Credit Card Rates Hit 9-Year High

Card makers jack prices in face of new regulations
By Kevin Spak,  Newser Staff
Posted Aug 23, 2010 11:14 AM CDT
Credit Card Rates Hit 9-Year High
Credit card rates are going up, even as other lending rates fall.   (Shutterstock)

Interest rates are tumbling for US Treasuries, companies, and home-buyers. The prime rate is extremely low. Yet for some reason, credit card companies are charging more and more, with average rates hitting a nine-year high of 14.7% in the second quarter, the Wall Street Journal reports. Companies say they’re reacting to new regulations that prevent them from charging penalty fees and raising rates without warning customers.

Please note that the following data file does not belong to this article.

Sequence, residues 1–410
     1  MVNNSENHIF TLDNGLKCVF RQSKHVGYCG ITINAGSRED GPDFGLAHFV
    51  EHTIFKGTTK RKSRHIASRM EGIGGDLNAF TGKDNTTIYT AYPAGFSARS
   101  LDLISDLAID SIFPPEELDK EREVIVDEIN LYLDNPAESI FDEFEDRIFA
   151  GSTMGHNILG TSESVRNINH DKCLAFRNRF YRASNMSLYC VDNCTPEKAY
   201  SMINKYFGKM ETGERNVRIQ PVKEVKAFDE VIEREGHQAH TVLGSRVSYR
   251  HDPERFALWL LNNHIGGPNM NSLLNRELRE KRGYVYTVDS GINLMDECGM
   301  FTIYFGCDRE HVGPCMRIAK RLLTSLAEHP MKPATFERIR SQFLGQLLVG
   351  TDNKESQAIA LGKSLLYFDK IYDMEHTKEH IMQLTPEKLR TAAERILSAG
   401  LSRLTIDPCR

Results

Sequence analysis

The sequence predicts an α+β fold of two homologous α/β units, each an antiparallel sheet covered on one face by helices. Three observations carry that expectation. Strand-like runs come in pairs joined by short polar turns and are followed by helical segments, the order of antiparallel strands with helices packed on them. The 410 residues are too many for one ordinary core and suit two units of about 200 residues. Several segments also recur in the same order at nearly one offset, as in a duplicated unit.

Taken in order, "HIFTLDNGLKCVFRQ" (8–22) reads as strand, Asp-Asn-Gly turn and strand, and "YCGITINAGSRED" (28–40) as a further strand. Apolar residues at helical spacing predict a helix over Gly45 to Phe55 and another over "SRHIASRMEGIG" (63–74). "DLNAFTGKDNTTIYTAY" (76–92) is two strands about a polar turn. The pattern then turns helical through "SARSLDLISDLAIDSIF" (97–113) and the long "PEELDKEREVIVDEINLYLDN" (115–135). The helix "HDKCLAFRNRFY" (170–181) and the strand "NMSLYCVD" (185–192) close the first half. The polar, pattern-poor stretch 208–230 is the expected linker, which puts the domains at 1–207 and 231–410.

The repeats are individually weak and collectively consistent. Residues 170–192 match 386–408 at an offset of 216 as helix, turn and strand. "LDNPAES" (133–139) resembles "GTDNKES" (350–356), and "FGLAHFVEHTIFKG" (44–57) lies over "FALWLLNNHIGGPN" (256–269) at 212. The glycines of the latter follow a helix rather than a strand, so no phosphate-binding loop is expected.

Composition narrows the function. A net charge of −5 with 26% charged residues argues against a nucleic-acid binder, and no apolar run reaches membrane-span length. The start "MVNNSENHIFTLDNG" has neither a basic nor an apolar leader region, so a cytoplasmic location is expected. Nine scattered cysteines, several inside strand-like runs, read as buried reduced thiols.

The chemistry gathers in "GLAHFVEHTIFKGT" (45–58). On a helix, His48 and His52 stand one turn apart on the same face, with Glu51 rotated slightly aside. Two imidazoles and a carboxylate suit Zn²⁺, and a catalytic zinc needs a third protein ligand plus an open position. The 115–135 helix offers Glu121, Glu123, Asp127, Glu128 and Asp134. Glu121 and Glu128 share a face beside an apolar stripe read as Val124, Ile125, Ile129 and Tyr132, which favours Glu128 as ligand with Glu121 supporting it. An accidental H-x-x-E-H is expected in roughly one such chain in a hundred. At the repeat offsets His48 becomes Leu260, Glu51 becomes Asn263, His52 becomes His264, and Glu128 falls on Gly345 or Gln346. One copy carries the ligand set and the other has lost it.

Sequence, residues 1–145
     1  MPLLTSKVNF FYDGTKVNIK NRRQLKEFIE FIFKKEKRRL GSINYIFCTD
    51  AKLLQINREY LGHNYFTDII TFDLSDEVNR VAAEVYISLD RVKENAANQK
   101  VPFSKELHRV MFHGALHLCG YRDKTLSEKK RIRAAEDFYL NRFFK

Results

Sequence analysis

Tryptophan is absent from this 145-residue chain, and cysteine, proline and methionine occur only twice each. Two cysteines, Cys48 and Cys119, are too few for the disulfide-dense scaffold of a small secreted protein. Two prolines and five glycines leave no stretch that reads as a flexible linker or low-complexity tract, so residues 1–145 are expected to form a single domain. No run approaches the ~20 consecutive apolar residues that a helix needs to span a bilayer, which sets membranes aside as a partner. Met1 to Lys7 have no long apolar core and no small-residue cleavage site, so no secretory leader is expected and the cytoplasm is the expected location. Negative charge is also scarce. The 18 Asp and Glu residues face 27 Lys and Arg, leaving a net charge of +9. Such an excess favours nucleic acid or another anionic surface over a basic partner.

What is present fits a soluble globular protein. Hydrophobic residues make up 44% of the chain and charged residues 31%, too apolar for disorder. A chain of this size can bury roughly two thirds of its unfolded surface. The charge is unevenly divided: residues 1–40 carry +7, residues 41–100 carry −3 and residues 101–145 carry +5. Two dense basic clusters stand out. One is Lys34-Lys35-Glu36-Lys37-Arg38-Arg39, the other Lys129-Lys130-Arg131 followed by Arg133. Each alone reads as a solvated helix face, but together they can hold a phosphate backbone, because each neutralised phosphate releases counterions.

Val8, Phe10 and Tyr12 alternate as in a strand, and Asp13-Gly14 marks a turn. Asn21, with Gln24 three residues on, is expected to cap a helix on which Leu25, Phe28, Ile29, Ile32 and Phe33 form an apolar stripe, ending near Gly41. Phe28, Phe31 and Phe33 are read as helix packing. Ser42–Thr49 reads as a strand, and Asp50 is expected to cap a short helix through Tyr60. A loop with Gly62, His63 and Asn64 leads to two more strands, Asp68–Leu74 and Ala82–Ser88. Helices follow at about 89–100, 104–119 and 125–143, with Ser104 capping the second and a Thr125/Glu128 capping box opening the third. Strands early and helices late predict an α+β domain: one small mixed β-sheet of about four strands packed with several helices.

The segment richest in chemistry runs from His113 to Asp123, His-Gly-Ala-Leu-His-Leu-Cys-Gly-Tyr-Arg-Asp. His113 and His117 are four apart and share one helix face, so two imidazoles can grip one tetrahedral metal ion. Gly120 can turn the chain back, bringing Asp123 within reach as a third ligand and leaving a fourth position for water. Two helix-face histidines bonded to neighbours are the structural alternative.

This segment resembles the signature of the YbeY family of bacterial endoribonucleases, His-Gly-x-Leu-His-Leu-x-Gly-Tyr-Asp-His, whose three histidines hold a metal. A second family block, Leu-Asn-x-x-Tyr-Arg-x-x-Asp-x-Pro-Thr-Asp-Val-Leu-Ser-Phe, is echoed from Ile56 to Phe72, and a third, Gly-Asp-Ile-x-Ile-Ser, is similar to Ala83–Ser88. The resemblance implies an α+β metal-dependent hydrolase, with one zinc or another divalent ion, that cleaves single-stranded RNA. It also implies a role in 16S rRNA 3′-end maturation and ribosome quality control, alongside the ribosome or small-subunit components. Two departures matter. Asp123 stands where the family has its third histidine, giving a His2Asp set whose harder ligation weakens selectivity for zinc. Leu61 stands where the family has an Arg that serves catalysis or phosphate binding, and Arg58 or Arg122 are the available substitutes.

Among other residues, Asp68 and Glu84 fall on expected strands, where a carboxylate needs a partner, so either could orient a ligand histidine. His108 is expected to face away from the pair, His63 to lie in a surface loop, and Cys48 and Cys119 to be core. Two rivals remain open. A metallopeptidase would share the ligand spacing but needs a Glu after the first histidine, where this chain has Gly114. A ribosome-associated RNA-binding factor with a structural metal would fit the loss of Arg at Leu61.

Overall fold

The increases come seemingly without regard for the prime rate, which is supposed to be the cards’ benchmark. Right now, card rates are 11.45 percentage points higher than the prime rate, the biggest disparity in 22 years. “The rules have changed, and the goalposts have changed,” said the head of Citigroup’s card unit, blaming regulators for the hike. But the law's backers are unapologetic. "Better that consumers should know up-front what the interest rate is, even if it's higher," argued co-sponsor Rep. Carolyn Maloney, "than to be soaked by tricks and hidden fees." (More credit card stories.)

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